Picking him up and cradling him like my little Joey and I’m his kangaroo Mama keeping him safe from a world that’s too loud, busy, bright, and at the same time beautiful in it’s simplicities and complexities. I exercise to keep myself fit, healthy, and fabulous. I started a new workout routine and matched the instructor for move for move. No matter how fast or extreme it would be in the long run. What the end result was an aggravated old back injury from a bulging disk, and not being able to walk properly for three days!!! What was I thinking I asked myself as I had to hobble around with a cane and parent from my couch?!

I wasn’t thinking about my age that’s for sure. I was thinking of who I was before when I was the fitness instructor with seventeen years experience. Who gave those intense workouts and also participated in them. It’s been a humbling experience as I recently started a fitness challenge and I’m on the sidelines cheering everybody on. I have an invitation to start a free one week bootcamp in my town. I look at each day mocking me and my lack of flexibility. How is it possible after ten years of teaching I could become so inflexible? Easy enough I allowed my mind to become that way being a right fighter, and my body became rigid and immobile.

I need to nurture that part of my myself that makes me feel whole again. I write, read, whine onto my digital paper and drink copious amounts of wine to dull my pain. Who knows of this push and pull existence that I put myself through time and  time again. It’s you my dear readers who have followed along with me on my journey through heartache, grief, self loathing, and sometimes redemption. I lay myself bare and venture out into the world when it seems to be less cold, hard, and judgemental. This is my life as a Mom with children with special needs.

You can’t see my son’s conditions but if you push them to the limit they’ll bleed through with their reactions to noise, over stimulus, and disapproving stares. One has a disorder called Sensory Avoidance. I refer to it as his needs are like a bucket of water and everyone puts in a cup throughout his day. When he’s home from school his sensory bucket is overflowing. and he needs to empty it out and self tegilate with calm and quiet time. I give him this time to decompress as I know it’s essential to his psyche and mental health!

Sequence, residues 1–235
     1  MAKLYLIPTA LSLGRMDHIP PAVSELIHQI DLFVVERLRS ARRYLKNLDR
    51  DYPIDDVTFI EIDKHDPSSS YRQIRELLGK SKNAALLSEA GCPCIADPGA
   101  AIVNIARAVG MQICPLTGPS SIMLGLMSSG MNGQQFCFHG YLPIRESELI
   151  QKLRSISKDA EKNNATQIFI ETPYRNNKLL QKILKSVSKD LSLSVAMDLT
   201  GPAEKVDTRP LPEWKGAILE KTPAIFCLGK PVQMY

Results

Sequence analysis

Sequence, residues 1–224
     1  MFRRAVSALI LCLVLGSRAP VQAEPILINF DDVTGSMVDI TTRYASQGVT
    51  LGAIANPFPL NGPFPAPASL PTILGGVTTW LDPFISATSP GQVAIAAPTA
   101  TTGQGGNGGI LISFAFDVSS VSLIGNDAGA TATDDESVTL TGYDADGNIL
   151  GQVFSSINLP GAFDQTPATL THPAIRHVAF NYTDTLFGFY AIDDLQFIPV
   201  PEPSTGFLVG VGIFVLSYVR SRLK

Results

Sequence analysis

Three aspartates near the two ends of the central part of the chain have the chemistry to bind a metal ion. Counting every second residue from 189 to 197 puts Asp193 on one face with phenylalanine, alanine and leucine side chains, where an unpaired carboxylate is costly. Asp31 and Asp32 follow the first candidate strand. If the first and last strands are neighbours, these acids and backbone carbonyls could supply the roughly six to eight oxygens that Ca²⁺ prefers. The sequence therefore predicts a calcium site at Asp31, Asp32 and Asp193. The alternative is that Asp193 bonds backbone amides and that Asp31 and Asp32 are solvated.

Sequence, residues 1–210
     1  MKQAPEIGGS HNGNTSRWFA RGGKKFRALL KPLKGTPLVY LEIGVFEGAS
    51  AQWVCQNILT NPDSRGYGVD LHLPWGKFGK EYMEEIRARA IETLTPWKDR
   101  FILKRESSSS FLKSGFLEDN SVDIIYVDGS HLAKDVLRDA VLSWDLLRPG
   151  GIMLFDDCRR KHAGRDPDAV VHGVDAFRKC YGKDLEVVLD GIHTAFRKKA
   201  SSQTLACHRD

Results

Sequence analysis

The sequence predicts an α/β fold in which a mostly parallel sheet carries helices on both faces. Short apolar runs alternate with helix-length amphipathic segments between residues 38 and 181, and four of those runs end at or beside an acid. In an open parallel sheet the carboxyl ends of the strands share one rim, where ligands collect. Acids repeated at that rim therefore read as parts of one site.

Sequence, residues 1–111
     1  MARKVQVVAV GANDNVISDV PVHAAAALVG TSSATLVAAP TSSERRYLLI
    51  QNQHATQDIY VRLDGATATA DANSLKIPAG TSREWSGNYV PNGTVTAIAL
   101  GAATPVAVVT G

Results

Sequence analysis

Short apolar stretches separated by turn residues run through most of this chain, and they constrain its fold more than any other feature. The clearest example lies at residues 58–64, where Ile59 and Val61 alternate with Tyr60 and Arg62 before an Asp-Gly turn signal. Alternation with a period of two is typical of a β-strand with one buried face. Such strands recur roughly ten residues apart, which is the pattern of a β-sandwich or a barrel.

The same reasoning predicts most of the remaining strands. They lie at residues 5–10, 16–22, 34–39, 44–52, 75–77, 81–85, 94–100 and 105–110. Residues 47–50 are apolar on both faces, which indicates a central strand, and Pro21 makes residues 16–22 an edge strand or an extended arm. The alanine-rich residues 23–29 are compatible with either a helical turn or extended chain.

My other son has the opposite disorder he is a seeker of sensory input and it’s referred to as Sensory Modulation. His condition I refer to as having an empty bucket that he fills with cups of water all day long with every interaction, noise, and stimulus. Each time his bucket is almost full he dumps it out and has to start all over again. So this is the push and pull of my son’s existence. One wants to avoid all contact until he’s regulated and able to fill up his bucket. The other is constantly dumping it out and finding new ways to fill it!

They both empty my patience bucket on a regular basis, and I need to fill it back up again with things that help. Like quiet time to myself, being able to read, write, soak in a bubble bath until  enveloped in the softeness and luxury. Closing my bedroom door each night and cuddling into my love my husband, my soft place to fall. He holds me and nurtures me and my hearts love bucket is full of self worth, respect, consciousness, and unconditional love. And I’m refreshed and restored and able to face another day. Whether it’s full of fighting, auditory hyper sensitives, food texture issues, sensory seeking, or sensory avoiding.

We all need to be loved, respected, accepted, loved, and nurtured. Please take that time to give your body, mind, and soul are crying out for. Don’t be like me who pushes and pulls into the core of my existence till my broken, weary, sleep deprived shell of a human body can’t take it anymore. Find those ties that bind you to the ones you love, absorb their love and strength, full that love bucket, and be more than, better than, stronger than the pain that threatens to grind you down. Love, nuture, take the steps to self care, and truly cherish that reflection that stares back at you from the mirror of your life.

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Life with my sensitive child